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Energy Sciences turns focus on sustainability into biz growth

The people behind Energy Sciences aren't focused on providing their customers with what they want so much as what they need. The downtown Birmingham-based consulting firm that specializes in energy efficiency is focusing its efforts on assisting commercial companies with the best possible strategy for lowering their energy costs.

"We wanted to give them what they really needed," says Frank Schulmeister, energy strategist for Energy Sciences. "What they really need is a comprehensive energy strategy."

Energy Sciences specializes in demand-side energy management services for the commercial, industrial and municipal sectors. It tailors solutions and develops strategic programs that reduce operating costs and minimize carbon footprints. Its customers range from small heating-and-cooling companies to large auto suppliers.

The 4-year-old company has doubled and tripled its bottom line in each of those years. That has allowed it to grow to three employees and a handful of independent contractors. Much of the growth has come from word-of-mouth. This year the company iintends to expand its client list by investing in marketing efforts.

"We would like to be a company of about 10-12 employees," Schulmeister says.

Source: Frank Schulmeister, energy strategist for Energy Sciences
Writer: Jon Zemke

Read more about Metro Detroit's growing entrepreneurial ecosystem at SEMichiganStartup.com.

Dragun Corp opens Windsor, Toronto offices

Dragun Corp, an environmental services company in Metro Detroit, is making its presence known in Ontario.

The Farmington Hills-based firm has added a few new staff members to
its Windsor office over the last few years. It also recently opened a Toronto office to supplement its new work in Canada.

"That market has been strong and helped us diversify away from the Michigan economy," says Alan Hahn, business development manager for Dragun Corp.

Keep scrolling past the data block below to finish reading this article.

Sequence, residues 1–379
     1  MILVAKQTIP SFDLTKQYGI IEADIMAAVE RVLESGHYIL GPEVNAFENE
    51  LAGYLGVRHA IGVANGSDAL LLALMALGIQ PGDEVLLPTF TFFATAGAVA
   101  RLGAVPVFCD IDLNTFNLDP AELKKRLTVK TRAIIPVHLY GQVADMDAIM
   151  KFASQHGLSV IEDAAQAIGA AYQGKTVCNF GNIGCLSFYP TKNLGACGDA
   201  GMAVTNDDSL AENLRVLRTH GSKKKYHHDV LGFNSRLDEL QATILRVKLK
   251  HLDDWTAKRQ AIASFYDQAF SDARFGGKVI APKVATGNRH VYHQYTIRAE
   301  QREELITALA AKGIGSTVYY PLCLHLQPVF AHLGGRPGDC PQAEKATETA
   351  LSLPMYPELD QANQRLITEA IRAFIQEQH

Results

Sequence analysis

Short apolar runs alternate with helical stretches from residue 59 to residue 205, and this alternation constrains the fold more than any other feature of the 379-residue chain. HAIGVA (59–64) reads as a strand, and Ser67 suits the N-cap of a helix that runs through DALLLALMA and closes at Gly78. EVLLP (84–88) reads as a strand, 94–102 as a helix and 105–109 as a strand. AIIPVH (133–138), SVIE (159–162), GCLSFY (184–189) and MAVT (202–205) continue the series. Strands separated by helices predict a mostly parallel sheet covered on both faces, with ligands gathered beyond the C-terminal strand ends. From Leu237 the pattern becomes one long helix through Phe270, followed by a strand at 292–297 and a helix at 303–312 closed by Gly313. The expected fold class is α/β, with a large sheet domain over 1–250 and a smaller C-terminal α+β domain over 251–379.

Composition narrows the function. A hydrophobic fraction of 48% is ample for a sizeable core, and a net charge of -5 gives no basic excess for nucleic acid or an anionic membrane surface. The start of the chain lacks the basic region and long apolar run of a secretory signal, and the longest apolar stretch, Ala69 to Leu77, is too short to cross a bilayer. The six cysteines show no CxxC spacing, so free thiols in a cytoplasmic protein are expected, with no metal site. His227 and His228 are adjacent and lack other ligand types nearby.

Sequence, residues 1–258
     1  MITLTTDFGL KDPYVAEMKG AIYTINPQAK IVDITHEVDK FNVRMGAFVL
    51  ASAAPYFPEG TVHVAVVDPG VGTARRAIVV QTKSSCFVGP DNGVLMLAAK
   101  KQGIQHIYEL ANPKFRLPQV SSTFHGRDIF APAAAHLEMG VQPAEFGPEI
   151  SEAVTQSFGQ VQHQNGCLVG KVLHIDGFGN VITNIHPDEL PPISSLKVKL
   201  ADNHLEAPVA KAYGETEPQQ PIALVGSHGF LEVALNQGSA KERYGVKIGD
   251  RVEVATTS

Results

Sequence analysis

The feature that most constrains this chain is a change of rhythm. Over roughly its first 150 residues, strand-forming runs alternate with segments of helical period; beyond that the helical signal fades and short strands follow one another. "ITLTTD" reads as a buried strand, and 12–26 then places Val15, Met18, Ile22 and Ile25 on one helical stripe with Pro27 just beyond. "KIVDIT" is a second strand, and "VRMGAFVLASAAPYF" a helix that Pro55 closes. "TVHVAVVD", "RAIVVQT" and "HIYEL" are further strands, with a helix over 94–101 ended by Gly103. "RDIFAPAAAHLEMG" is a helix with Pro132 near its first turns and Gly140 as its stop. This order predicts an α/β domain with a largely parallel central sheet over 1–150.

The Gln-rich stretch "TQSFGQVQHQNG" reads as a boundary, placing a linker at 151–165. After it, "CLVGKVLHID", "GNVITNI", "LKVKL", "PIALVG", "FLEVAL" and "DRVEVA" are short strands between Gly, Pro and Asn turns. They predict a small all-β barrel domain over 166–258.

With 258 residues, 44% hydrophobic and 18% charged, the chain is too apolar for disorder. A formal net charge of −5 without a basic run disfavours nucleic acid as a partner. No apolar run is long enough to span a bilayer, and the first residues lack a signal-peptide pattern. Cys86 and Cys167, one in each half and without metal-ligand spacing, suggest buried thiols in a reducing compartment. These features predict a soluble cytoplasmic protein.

The 23-year-old company specializes in services such as brownfield and wellhead protection services for municipalities. Its namesake is
James Dragun, the famous soil chemist who still serves as the company's president. The staff of 20 has been able to expand the company's niche services, such as legal expertise and environmental forensics, and will be offering them both abroad and at home this year.

"We are anticipating good things coming," Hahn says. "We're seeing more activity out there. We have seen more activity over the last eight weeks than we have seen in a long time."

Source: Alan Hahn, business development manager for Dragun Corp
Writer: Jon Zemke

Read more about Metro Detroit's growing entrepreneurial ecosystem at SEMichiganStartup.com.

Air Movement Systems turns air purification into green tech

What do air systems and chickens have in common? A lot of money, Dennis Danville hopes.

His Southgate-based firm, Air Movement Systems, specializes in creating an air circulation and purification system.
Thanks to a recent microloan from the First Step Fund, it is now installing a prototype at a University of Georgia chicken farm to prove it can create a healthier environment for the livestock.

"We believe that by purifying the air we can remove the ammonia problem, which blinds them and causes other problems," says Danville, the president of Air Movement Systems. "It also removes other viruses and bacteria from the air."

The founders see this as a technology that can improve air quality and keep buildings cooler (or warmer) by improving air circulation. The system could be used by both residential and commercial customers.

"The low-lying fruit is the commercial applications," Danville says.

The two-year-old firm, which came from Detroit's TechTown small business incubator, has three employees, five salesmen, and plans to add one or two more positions later this year. It is aiming for $20-$30 million in sales within 3-5 years.

Source: Dennis Danville, president of Air Movement Systems
Writer: Jon Zemke

GREEN SPACE: Michigan execs promote food and energy innovation through Epprentice Experience